If you’re a sushi lover, you may want to consider trading in your plate of raw fish for a grilled cheese sandwich for lunch. A Chinese man complaining of stomach aches and itchy skin to his doctor soon learned he was infected with hundreds of tapeworms after eating too much sashimi, or raw fish. Tain Liao’s X-rays at the Guangzhou No. 8 People's Hospital in eastern China's Guangdong province revealed the tapeworms had infected most of his upper body, his legs, and organs.

Dr. Yin (no first name provided) of Guangzhou No. 8 People’s Hospital told the website thatsmags.com eating uncooked food contaminated with tapeworms' eggs could eventually cause cysticercosis when the adult worms enters a person’s blood stream. This occurs when the larval cysts contain diphyllobothrium larvae and settle outside of the intestines, including in the liver and the brain, according to the Centers for Disease Control and Prevention. If the cysts become infected by bacteria, they can burst and result in anaphylaxis, a life-threatening allergic reaction.

In a 2012 study published in the journal Canadian Family Physician, a 43-year-old woman from Edmonton, Canada, went to the emergency room with an acute onset of diarrhea and vomiting, and was diagnosed with gastroenteritis. While the acute illness was resolved, the patient came back to the clinic eight weeks later complaining of unresolved diarrhea and passed a 75-centimeter flat worm a day later. The patient had no history of travel, but she described herself as a “regular” sushi consumer.

Although cases of tapeworm are more prevalent in impoverished areas, there have been more reported cases in the developed world, and doctors like Nancy Craig, a study author of the 2012 case report, believe it’s due to the soaring popularity of sushi. “The widespread popularity of Japanese sushi and sashimi (slices of raw fish) is a contributor,” wrote Craig in the study. “But other popular dishes might also be implicated, such as raw salted or marinated fillets, which originate from Baltic and Scandinavian countries; carpaccio, very thin slices of raw fish common in Italy; raw salmon and ceviche, lightly marinated fish.”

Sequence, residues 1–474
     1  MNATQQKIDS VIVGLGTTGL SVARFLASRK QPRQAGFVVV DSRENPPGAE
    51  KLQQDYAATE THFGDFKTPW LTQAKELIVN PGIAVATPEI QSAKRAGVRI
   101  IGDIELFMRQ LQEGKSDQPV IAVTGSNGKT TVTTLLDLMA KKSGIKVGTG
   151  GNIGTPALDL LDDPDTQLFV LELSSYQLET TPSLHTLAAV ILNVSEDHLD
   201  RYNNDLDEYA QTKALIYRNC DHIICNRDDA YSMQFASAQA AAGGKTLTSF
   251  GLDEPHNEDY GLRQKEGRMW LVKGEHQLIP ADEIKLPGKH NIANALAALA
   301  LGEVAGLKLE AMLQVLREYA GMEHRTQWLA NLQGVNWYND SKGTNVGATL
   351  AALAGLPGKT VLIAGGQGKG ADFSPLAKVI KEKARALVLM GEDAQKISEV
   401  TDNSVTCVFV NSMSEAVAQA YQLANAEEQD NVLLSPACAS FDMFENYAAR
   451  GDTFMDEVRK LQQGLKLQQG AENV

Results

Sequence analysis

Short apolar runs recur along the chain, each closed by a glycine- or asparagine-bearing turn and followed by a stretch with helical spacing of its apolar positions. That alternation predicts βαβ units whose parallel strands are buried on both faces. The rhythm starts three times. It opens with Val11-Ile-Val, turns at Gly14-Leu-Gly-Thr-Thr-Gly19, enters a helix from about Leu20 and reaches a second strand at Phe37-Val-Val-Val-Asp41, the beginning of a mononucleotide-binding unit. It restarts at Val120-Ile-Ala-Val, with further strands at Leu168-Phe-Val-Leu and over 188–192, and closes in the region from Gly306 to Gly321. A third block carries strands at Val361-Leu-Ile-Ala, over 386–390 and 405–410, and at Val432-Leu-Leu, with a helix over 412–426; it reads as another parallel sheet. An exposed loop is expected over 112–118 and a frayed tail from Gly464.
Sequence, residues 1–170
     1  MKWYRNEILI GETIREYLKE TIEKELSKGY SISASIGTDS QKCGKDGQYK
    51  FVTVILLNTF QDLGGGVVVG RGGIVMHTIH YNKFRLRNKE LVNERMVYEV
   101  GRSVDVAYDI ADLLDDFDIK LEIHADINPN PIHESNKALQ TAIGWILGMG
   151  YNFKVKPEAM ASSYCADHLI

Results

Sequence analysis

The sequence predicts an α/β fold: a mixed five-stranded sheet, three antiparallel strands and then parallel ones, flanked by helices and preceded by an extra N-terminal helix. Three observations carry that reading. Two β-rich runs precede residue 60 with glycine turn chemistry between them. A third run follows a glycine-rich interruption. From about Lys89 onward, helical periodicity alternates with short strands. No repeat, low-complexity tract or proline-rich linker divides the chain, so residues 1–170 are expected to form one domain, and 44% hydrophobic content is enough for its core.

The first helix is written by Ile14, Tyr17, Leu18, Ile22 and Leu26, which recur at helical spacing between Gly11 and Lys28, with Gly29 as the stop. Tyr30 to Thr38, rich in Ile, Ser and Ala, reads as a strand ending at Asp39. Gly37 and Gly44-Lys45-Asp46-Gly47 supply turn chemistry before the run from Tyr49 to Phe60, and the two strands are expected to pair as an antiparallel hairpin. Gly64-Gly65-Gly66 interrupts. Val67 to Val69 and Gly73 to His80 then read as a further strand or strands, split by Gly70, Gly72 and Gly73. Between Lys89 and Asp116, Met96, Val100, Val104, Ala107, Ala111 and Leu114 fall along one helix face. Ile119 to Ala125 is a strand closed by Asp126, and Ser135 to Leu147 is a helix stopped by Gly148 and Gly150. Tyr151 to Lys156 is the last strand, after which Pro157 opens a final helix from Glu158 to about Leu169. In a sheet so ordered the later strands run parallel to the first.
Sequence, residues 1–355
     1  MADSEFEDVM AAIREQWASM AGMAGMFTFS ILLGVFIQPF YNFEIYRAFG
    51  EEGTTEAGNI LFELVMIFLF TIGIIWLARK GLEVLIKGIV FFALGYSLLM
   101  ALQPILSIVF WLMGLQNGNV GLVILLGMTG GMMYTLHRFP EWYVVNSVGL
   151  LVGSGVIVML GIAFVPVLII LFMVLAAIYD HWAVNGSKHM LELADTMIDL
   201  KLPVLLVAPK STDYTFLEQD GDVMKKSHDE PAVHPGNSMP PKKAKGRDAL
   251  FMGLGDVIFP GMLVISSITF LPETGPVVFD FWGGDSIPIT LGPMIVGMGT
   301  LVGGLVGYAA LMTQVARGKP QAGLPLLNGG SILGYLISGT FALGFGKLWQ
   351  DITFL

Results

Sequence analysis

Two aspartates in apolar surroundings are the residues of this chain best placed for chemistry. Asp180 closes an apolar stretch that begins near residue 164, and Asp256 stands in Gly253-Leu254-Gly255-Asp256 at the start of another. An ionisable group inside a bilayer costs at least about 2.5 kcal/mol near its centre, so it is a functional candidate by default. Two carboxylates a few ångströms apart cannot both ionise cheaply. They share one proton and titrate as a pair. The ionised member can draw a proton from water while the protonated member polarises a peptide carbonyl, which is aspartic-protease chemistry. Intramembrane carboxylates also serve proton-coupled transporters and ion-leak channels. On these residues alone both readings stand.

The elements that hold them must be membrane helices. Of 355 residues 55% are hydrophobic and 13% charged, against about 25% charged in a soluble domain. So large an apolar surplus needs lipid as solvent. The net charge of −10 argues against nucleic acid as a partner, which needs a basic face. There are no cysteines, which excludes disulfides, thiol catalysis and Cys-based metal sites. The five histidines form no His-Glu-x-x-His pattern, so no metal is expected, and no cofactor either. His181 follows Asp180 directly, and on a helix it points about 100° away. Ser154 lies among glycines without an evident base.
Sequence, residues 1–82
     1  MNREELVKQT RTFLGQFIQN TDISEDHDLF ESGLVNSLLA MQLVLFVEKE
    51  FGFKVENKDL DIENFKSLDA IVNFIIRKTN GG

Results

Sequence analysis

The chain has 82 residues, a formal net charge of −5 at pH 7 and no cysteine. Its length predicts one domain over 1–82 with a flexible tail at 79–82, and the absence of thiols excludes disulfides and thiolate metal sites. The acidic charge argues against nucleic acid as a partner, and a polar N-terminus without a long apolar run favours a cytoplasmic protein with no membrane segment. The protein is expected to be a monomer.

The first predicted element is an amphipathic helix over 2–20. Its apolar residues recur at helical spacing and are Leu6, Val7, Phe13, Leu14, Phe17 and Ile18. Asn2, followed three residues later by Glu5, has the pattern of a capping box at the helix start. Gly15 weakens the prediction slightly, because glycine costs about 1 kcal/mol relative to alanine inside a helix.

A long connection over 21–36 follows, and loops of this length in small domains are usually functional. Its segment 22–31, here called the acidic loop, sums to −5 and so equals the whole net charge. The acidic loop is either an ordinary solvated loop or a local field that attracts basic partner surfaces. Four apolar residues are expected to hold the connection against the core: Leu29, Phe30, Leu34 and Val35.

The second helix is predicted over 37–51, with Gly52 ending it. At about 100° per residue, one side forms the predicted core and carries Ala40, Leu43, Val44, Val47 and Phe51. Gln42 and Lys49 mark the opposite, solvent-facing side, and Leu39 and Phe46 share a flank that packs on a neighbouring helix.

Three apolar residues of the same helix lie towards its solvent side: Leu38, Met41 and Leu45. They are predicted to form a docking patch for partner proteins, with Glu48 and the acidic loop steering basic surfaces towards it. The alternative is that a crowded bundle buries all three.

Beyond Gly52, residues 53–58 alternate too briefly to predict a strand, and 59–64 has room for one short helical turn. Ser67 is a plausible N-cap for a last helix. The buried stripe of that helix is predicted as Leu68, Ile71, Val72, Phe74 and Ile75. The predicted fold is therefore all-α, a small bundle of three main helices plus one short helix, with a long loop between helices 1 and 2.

It seems like the raw fish delicacy is here to stay. So whether you prepare it at home, or eat it at a Japanese restaurant, become raw fish smart with these three simple tips:

1. Types Of Fish

Sea bass, tuna, mackerel, salmon, eel, shrimp, among many other fish are commonly used in raw preparations like sushi. These are considered good for eating raw because they are less likely to cause foodborne illnesses and do not need to be frozen before consumed. According to the Food and Drug Administration (FDA), shellfish are more likely to cause the most foodborne illness outbreaks like hepatitis, food poisoning, and V. parahaemolyticus infection.

2. Purchasing Fish

If you’re buying fish with the intention to eat it raw, opt for fish that is labeled sushi-grade. This type has been pretreated to limit the risk of foodborne illnesses such as freezing the fish at very low temperatures that cannot be done with a regular freezer at home. Avoid buying fish from packages that are damaged, contain ice crystals or frost on the packages, or that are above the frost line of the freezer.

3. Limiting Mercury Levels

Fish such as Blue marlin, mackerel, sea bass, swordfish, tuna, and yellowtail are high in mercury, so it’s best to limit consumption to avoid the effects of high mercury. Exceeding mercury levels in the body can affect nervous system functioning. The U.S. Environmental Protection Agency lists three basic recommendations for selecting and eating fish or shellfish, especially for women and young children.

4. Freezing Fish

Non-sushi grade fish may contain high levels of parasites that could lead to foodborne illnesses, including listeria, Salmonella, Staphylococcus aureus, and Vibrio parahaemolyticus. According to the FDA, parasites can be killed by freezing the finished product. It’s important to thaw sushi-grade fish and keep it in refrigerated until it’s ready to be served. Thawing fish on countertops can actually increase the risk of foodborne illnesses.